The Night Ruben Gallego
Became A Congressman
In An Important Democratic Primary, Ruben Gallego Gains The Nomination — And Effectively The Congressional Seat — More Than Two Months Before The General Election
By Clipper Arnold
Special for Modern Times Magazine
Sep. 4, 2014 — This past Tuesday, Ruben Gallego successfully won the democratic nomination for Congressional District 7 after receiving close to fifty percent of the vote.
By doing so, he effectively was also elected the newest U.S. Rep. from Arizona.
Of course, this is not how it usually goes in politics. Typically, a candidate must win in a general election, but as usual, there are very few things in Arizona politics that can be considered ‘typical.’
The seat was formerly held by the retiring democrat Ed Pastor and is up for grabs after 25 years. Historically and demographically, it is also a democratic district. Democrats Mary Rose Wilcox, Randy Camacho, and Jarrett Maupin all contended against Gallego for the endorsement of the democratic party.
There is no republican representation in the race, which makes sense seeing as how the primarily urban district historically votes democrat. As the winner of the highly contested democratic primary, Ruben Gallego will very likely be the next representative for District 7. The Harvard graduate and military veteran will continue his campaign through the general election (which takes place on Nov. 4), facing off against the libertarian candidate, Joe Cobb.
The campaign celebration was well attended by campaign contributors and supporters. Phoenix Mayor Greg Stanton, as well as various young interns and campaign volunteers, were also in attendance. Several times throughout the night, Gallego and others emphasized how hard their team worked to canvass voters, even in 110-degree weather. Gallego’s campaign team and advisors included veterans from both the Stanton and Carmona campaigns.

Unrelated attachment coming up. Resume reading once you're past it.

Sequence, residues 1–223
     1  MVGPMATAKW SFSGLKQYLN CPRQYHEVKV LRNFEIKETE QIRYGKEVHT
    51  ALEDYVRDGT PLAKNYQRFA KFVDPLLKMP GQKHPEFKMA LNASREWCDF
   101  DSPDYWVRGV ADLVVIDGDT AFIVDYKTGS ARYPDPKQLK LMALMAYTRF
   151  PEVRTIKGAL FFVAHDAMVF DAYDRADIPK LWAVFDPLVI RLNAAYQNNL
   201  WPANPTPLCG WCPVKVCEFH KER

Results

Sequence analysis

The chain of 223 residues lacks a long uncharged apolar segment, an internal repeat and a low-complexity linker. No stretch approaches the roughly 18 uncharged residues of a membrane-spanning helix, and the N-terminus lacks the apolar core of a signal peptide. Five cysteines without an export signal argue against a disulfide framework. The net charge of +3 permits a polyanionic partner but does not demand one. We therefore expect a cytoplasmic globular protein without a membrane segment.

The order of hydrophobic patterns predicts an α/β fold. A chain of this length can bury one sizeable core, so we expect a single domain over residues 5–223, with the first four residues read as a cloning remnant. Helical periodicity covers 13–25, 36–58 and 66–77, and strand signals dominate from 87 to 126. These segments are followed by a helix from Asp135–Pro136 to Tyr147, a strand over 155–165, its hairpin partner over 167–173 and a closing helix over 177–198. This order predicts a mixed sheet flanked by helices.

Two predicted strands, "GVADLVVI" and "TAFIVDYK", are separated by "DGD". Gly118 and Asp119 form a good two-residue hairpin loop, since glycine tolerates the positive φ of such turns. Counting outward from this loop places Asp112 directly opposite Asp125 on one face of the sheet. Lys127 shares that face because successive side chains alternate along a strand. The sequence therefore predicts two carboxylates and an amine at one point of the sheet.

His communications director said the Gallego campaign made efficient use of technology and databases to target voters and encourage them to vote. He said in order to keep pace with technological innovation, integration of resources such as these are becoming a necessity when compared to a more traditional pen and paper approach. However, other aspects of canvassing and voter engagement remain the same, that is, having real conversations with real people about issues that are important to them.
Stanton said that there’s no one else in Washington who will fight harder for comprehensive immigration reform than Ruben Gallego. Applause was consistent throughout the night, peaking when Gallego stepped on stage to accept the win after Mary Rose Wilcox announced her withdrawal from the race.
A lot of the rhetoric from speakers focused on increasing education quality in Arizona, improving immigration policy, assisting veterans, and “turning Arizona blue.” There was also discussion on women’s health and improving infrastructure.
When asked how he felt about the win, Gallego said, “it feels great, it feels outstanding to know that all the work my friends and I put in, all the walking in 110 degree weather has payed off.”
As far as what’s next, Gallego said his team would continue to pound the pavement in an effort to get as many democrats out to vote in order to “help every democrat up and down the ticket.”
When asked how it felt to be one step closer to being a U.S. representative, Gallego said, “It feels heavy, there’s a heavy burden I’m about to take on but it’s something I’m very proud of. It’s something I’m going to have to expect to work my heart out for in order to keep the honor and trust that people gave me by voting for me and I’m going to have to just keep going.”
As for his fellow democratic competitors, Gallego said “Mary Rose Wilcox and I talked on the phone and we look forward to working together in the future.”
Clipper Arnold is a writer from the Phoenix metro.
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